Director Buck: 2013 AYP results show need for new federal accountability framework
Iowa Department of Education Director Brad Buck today said this year’s Adequate Yearly Progress (AYP) results for the state’s schools and school districts reinforce that the accountability system set up under the 2001 federal No Child Left Behind law is the wrong fit for states and should be revised.
The Department today released the 2013 State Report Card for No Child Left Behind, which includes information on schools and districts that met AYP, as well as schools and districts identified as “in need of assistance,” according to the federal law.
Because annual targets increased significantly, the report shows 869 of 1,361 public schools (64 percent) missed AYP for test participation and proficiency in reading and mathematics in the 2012-13 school year. This is an increase from the 715 out of 1,381 schools (52 percent) that missed AYP the previous year. Eighty-four out of 348 school districts missed AYP in 2012-13, an increase from the 48 out of 351 districts that missed AYP the previous year. (NOTE: 2011-12 results for AYP and Schools in Need of Assistance have been adjusted since the release of the 2012 State Report Card for No Child Left Behind.)
“We believe in accountability and the continuous work to improve our schools, which is why we fully supported landmark education reform legislation this year,” Iowa Department of Education Director Brad Buck said. “But this one-size-fits-all federal system is unfair and unequipped to drive us toward better outcomes for students. On paper, many more schools and districts are missing targets or moving into higher levels of accountability. No Child Left Behind’s arbitrary rules fail to recognize that students come to school with different starting points. The rules also fail to reward schools that are making progress with the most disadvantaged students.”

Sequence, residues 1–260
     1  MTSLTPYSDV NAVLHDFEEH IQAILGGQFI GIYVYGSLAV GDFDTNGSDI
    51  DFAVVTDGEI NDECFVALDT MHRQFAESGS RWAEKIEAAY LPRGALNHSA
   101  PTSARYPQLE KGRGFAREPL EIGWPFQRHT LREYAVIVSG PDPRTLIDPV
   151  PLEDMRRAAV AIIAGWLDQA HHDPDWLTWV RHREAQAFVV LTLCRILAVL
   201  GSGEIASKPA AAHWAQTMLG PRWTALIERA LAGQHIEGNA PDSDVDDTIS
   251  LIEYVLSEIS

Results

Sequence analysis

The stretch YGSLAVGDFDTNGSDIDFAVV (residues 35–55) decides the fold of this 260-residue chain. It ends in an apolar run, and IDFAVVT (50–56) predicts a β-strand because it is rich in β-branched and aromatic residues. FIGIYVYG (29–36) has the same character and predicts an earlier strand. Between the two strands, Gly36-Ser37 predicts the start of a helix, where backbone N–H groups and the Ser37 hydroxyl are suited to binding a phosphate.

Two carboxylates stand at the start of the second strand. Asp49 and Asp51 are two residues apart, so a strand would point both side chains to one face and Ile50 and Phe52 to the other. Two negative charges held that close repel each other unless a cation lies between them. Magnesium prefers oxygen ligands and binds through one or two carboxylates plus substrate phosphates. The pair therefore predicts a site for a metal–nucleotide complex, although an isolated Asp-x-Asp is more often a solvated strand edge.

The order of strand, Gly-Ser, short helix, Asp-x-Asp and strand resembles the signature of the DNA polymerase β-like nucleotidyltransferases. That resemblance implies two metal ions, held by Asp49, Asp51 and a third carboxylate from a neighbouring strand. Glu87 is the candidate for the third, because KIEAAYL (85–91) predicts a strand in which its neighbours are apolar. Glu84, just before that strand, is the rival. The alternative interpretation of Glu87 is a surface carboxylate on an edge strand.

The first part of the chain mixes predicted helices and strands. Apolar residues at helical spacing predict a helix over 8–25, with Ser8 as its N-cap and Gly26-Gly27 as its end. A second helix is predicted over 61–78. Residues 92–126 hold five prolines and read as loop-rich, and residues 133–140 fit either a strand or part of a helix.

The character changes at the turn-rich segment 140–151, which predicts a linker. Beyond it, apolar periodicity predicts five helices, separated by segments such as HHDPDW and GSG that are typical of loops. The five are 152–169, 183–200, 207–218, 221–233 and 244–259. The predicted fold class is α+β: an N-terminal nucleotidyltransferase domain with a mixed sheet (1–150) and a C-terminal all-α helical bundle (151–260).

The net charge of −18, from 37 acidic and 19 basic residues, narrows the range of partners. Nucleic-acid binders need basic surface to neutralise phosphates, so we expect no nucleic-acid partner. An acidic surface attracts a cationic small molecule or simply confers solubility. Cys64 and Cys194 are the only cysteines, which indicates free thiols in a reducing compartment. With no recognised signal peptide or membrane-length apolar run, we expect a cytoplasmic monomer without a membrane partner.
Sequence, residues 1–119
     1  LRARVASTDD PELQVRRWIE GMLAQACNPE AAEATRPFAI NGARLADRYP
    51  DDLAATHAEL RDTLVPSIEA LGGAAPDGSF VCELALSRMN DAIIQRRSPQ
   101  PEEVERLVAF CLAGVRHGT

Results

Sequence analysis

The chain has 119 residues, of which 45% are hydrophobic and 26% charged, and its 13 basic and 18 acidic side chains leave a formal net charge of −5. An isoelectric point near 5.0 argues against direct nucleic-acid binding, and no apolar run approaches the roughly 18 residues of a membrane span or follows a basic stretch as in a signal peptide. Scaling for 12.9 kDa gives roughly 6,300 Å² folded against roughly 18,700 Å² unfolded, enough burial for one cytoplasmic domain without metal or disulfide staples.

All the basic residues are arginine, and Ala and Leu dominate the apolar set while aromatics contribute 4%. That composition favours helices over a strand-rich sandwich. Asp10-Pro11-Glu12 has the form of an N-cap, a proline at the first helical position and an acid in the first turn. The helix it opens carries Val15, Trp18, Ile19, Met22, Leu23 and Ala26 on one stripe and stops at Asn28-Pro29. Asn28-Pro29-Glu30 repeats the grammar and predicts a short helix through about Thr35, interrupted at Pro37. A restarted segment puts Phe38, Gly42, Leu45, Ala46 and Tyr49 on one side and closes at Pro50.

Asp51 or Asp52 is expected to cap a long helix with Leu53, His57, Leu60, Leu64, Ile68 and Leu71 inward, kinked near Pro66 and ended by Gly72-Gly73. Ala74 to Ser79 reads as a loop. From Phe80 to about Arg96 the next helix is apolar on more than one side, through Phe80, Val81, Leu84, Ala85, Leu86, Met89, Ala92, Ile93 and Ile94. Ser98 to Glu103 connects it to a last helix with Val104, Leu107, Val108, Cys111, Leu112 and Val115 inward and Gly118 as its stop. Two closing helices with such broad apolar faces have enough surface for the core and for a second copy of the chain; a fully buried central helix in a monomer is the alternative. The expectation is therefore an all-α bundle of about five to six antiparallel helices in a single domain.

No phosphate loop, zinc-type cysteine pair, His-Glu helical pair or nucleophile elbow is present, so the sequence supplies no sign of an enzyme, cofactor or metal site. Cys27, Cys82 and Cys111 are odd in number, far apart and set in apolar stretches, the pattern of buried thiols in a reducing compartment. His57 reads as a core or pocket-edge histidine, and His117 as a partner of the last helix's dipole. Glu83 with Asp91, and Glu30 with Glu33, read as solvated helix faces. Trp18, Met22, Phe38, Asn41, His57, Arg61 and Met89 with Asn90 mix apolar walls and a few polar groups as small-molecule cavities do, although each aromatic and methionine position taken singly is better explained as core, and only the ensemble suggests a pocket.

No Child Left Behind requires public schools and districts to meet AYP for the overall student population and for demographic subgroups of students in grades 3-8 and 11. These subgroups include socio-economic status, limited English proficiency, race/ethnicity and special education.
Schools must meet all targets in every student group to meet AYP and must test 95 percent of students in each group. The U.S. Department of Education put in place regular target increases to ensure schools meet the No Child Left Behind requirement that 100 percent of students meet grade-level standards in reading and mathematics by 2014.
Targets vary by grade level, subject and student subgroup, but for a school or district to have made AYP for the 2012-13 school year, about 94 percent of students must have demonstrated proficiency on state tests in reading and mathematics. The previous year’s target proficiency rate was 80 percent, and next year’s will increase to 100 percent.
No Child Left Behind includes consequences for Title I public schools that consistently do not meet AYP state targets. Schools and districts that miss targets in either the “all students” group or any one of the demographic subgroups within the required grade spans in reading or math for two years in a row are identified as “in need of assistance.” Districts and schools remain “in need of assistance” until they have met AYP for two consecutive years. The consequences associated with various stages of “in need of assistance” are available on the Iowa Department of Education’s website (the files are marked “SINA and DINA Timelines”).
Based on 2012-13 performance, 41 of 348 Iowa school districts (11.8 percent) were identified as districts in need of assistance for the 2013-14 school year, up from the 28 of 351 districts (8 percent) identified the year before. A total of 643 schools out of 1,361 (47.2 percent) were identified as schools in need of assistance. This is an increase of 11.9 percent from the 35.3 percent of schools identified the year before.
Iowa must continue to follow No Child Left Behind unless the law is reauthorized by Congress or the state receives a waiver from some components of the law. Many states have applied for and received a waiver from the U.S. Department of Education. Approval of Iowa’s 2012 application wasn’t possible because the Iowa Department of Education has no state authority to meet waiver requirements relating to educator evaluations.
Buck said he supports reauthorization and a significant revision of the federal law.
“Our schools have work to do, but we need an accountability system that supports and dignifies the hard work and commitment of the education professionals who serve our students every day,” Buck said.